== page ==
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uio(9s) [osf1 man page]

uio(9s) 																   uio(9s)

uio - General: Describes I/O, either single vector or multiple vectors SYNOPSIS
----------------------------- Member Name Data Type ----------------------------- uio_iov struct iovec * uio_iovcnt int uio_offset off_t uio_segflg enum uio_seg uio_resid int uio_rw enum uio_rw ----------------------------- MEMBERS
Specifies a pointer to the first iovec structure. The iovec structure has two members: one that specifies the address of the segment and another that specifies the size of the segment. The system allocates contiguous iovec structures for a given transfer. Specifies the num- ber of iovec structures for this transfer. Specifies the offset within the file. Specifies the segment type. This member can be set to one of the following values: UIO_USERSPACE (the segment is from the user data space), UIO_SYSSPACE (the segment is from the system space), or UIO_USERISPACE (the segment is from the user I space). Specifies the number of bytes that still need to be transferred. Specifies whether the transfer is a read or a write. This member is set by read and write system calls according to the corresponding field in the file descriptor. This member can be set to one of the following values: UIO_READ (read transfer), UIO_WRITE (write transfer), or UIO_AIORW (Alpha I/O read/write transfer). DESCRIPTION
The uio data structure describes, either singler-vector or multiple-vector I/O. Typically, kernel modules do not manipulate the members of this data structure. However, the data structure is presented here for the purpose of understanding the uiomove routine, which operates on the members of the uio structure. FILES
Routines: uiomove(9r) uio(9s)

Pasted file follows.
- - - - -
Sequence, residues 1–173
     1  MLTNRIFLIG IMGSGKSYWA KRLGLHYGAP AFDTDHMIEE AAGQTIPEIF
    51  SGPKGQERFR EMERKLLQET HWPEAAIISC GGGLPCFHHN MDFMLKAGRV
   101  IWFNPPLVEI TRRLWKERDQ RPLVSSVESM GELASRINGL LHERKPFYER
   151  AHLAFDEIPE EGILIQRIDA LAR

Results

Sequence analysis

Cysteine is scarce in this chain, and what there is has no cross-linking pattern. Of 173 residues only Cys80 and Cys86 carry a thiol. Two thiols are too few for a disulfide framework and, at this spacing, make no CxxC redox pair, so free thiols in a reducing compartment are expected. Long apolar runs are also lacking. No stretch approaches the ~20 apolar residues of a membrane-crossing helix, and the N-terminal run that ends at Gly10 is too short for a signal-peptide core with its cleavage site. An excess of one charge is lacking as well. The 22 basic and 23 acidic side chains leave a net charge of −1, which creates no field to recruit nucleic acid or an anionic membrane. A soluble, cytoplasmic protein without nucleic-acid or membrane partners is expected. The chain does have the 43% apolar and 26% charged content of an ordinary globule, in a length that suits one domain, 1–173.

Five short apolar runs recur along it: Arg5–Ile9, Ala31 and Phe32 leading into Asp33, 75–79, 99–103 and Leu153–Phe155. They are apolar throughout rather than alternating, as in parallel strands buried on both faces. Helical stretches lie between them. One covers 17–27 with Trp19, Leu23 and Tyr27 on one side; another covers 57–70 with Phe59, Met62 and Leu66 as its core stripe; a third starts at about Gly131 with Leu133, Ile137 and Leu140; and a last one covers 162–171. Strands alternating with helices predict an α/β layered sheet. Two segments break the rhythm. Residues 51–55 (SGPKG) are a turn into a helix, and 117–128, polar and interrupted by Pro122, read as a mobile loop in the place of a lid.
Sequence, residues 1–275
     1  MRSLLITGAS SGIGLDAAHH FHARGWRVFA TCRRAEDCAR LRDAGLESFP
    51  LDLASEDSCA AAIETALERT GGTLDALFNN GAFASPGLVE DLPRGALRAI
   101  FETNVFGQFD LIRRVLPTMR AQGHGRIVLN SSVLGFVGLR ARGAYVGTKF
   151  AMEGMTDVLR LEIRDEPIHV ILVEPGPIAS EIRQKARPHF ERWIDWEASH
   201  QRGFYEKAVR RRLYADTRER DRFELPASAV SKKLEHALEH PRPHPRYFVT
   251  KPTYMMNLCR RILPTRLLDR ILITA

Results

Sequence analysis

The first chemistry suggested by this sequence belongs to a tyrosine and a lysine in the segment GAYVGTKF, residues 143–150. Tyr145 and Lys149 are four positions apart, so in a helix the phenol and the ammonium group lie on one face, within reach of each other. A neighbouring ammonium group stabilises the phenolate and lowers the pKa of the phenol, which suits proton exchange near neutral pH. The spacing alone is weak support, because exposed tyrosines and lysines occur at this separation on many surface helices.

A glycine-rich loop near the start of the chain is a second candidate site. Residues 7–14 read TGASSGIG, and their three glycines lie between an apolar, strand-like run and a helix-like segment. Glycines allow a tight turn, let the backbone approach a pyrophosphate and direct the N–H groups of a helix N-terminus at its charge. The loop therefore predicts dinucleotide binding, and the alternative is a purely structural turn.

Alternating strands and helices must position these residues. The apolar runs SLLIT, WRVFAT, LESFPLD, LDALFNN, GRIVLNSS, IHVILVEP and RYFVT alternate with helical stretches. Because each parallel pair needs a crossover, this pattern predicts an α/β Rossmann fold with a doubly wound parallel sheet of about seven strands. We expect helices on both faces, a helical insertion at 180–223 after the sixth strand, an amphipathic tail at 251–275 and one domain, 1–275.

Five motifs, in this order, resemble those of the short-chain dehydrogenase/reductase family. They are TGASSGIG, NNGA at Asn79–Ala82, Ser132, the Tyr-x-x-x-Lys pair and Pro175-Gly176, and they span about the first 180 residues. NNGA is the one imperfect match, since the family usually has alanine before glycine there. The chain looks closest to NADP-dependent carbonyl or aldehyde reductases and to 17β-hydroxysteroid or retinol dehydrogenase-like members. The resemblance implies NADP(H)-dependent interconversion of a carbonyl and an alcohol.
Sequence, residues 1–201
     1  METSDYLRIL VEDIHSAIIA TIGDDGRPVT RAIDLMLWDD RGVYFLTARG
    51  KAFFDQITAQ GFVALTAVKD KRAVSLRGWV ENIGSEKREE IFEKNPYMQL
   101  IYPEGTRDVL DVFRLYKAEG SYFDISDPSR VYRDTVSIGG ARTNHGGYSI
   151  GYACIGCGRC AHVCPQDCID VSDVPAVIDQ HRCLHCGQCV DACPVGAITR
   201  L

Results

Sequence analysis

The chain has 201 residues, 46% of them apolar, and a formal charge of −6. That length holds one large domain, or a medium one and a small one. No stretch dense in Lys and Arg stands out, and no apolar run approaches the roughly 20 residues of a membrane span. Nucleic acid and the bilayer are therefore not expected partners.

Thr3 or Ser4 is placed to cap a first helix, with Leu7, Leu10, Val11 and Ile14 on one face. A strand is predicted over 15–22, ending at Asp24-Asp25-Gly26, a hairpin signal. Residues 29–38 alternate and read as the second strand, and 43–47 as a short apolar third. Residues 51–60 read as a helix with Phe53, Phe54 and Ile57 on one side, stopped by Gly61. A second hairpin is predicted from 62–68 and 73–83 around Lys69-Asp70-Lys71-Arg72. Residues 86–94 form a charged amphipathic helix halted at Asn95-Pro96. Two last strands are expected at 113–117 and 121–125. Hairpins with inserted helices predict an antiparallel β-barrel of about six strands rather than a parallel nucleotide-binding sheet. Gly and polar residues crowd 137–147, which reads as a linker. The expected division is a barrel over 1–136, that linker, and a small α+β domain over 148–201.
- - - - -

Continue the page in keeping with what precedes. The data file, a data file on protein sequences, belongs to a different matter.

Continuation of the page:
Check Out this Related Man Page

UIOMOVE(9)						   BSD Kernel Developer's Manual						UIOMOVE(9)

uiomove -- move data described by a struct uio SYNOPSIS
#include <sys/systm.h> int uiomove(void *buf, size_t n, struct uio *uio); DESCRIPTION
The uiomove() function copies up to n bytes between the kernel-space address pointed to by buf and the addresses described by uio, which may be in user-space or kernel-space. The uio argument is a pointer to a struct uio as defined by <sys/uio.h>: struct uio { struct iovec *uio_iov; int uio_iovcnt; off_t uio_offset; size_t uio_resid; enum uio_rw uio_rw; struct vmspace *uio_vmspace; }; A struct uio typically describes data in motion. Several of the fields described below reflect that expectation. uio_iov Pointer to array of I/O vectors to be processed. The struct iovec is defined to be: struct iovec { void *iov_base; size_t iov_len; }; The members in the struct iovec should only be initialized. These are: iov_base The address for a range of memory to or from which data is transferred. iov_len The number of bytes of data to be transferred to or from the range of memory starting at iov_base. uio_iovcnt The number of I/O vectors in the uio_iov array. uio_offset An offset into the corresponding object. uio_resid The amount of space described by the structure; notionally, the amount of data remaining to be transferred. uio_rw A flag indicating whether data should be read into the space (UIO_READ) or written from the space (UIO_WRITE). uio_vmspace A pointer to the address space which is being transferred to or from. The value of uio->uio_rw controls whether uiomove() copies data from buf to uio or vice versa. The lesser of n or uio->uio_resid bytes are copied. uiomove() changes fields of the structure pointed to by uio, such that uio->uio_resid is decremented by the amount of data moved, uio->uio_offset is incremented by the same amount, and the array of iovecs is adjusted to point that much farther into the region described. This allows multiple calls to uiomove() to easily be used to fill or drain the region of data. RETURN VALUES
Upon successful completion, uiomove() returns 0. If a bad address is encountered, EFAULT is returned. SEE ALSO
copy(9), fetch(9), store(9) BSD
April 26, 2010 BSD
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